Princeton University prides itself on its undergraduate focus and especially on the incredible availability of its world-renowned faculty to work with undergraduate students. With a student-faculty ratio of 6:1, students have a remarkable proximity to some of the most outstanding minds in today's academic disciplines. All University professors engage in teaching as well as research, and students interact with their instructors in various class formats such as precepts, seminars and lectures, but oftentimes the most valuable interactions come from outside of the classroom. Professors are not just technical experts; they are also individuals with tremendous experience in academic life and passions for intellectual pursuits. Students seeking out professors beyond the lecture hall can expand their knowledge of class material, discover new interests, bear witness to relevant wisdom about finding a career path and receive advice for navigating University life. While University professors already hold office hours for facilitating student-professor interactions outside of class, the Editorial Board proposes better promotion of that system as well as popularizing programs that support meals between students and professors.
Many professors currently list the times they are available to meet on their syllabi and mention this information during their first lectures, but after that, office hours often become just a tool used only for getting help on incomplete assignments or addressing other problems. Students would benefit from being reminded by their professors of the times and places they are available throughout the year, not just when midterms or big assignments are looming. Since many students might be hesitant to go to office hours because they are unsure what to talk about, professors should encourage students to take advantage of office hours even if they don’t have questions about the course material or a specific assignment. The Board further encourages residential college advisers and the Undergraduate Student Government to help students take advantage of office hours by encouraging students to partake of this resource.
In addition to office hours, meals are often a great way to get to know a professor better. The University has several resources to facilitate these encounters, but these are generally disparate and little known. One such resource is the Princeton Home Dining program organized by the Office of the Vice President for Campus Life. This program, funded by a generous alumnus in 2011, provides funds for inviting a professor to a meal (or even just coffee) at any dining location on campus. This is an ongoing program that can readily foster conversations between professors and students, but it seems that few students are aware of this opportunity.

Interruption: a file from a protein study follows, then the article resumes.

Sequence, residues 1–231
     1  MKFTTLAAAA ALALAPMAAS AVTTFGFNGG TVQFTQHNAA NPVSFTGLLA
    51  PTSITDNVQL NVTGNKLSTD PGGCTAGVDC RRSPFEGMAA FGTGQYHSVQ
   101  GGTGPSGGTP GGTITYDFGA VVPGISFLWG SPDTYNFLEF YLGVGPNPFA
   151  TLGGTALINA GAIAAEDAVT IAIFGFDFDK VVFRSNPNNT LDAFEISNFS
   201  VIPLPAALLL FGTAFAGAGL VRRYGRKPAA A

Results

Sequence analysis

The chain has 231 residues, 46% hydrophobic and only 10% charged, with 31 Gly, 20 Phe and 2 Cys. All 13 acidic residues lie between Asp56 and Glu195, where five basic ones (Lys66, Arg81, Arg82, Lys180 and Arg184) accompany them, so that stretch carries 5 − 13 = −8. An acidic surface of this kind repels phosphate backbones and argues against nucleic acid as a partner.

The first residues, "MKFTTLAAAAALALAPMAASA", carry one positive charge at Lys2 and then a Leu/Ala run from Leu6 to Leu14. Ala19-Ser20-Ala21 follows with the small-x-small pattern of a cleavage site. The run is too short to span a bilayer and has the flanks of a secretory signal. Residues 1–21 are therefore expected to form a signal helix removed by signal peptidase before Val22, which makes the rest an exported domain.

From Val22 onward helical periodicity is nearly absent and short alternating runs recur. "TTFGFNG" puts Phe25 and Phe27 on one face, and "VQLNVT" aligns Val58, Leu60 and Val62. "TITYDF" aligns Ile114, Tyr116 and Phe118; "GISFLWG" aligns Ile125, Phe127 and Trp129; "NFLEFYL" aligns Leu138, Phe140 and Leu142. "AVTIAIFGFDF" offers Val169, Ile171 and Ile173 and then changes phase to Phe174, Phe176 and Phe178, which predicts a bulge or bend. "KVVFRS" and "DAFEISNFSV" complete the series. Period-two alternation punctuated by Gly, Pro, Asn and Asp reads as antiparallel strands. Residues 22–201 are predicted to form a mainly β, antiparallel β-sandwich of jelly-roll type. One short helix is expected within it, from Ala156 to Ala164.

Similar opportunities seem to be available at some residential colleges, but these again are not uniformly available and tend to be irregularly publicized. Residential colleges have sponsored nights on which students can invite professors to dinner at their college dining hall, but these events are sporadic and vary per college. Another unique example is that Whitman College provides meal passes for professors invited to dinner at the college on any night, if prior coordination is arranged. Even some eating clubs extend the privilege of allowing members to invite a professor to a meal, but this is not the case for all clubs. We urge the Office of the Vice President for Campus Life, residential colleges and eating clubs to better promote these programs throughout the year on their respective websites or through listservs so that students are able to take advantage of this opportunity.
These suggestions can bolster the efficiency and availability of the opportunities provided by the University, but it is ultimately up to the students to seek out these encounters. We encourage students to take advantage of these important ways of flourishing at Princeton. While the University already supports a helpful system of student-professor interactions, reinforcing the practice of these interactions, especially outside the classroom, would yield a more engaged and cohesive University community.
The Editorial Board is an independent body and decides its opinions separately from the regular staff and editors of The Daily Princetonian. The Board answers only to its Chair, the Opinion Editor and the Editor-In-Chief.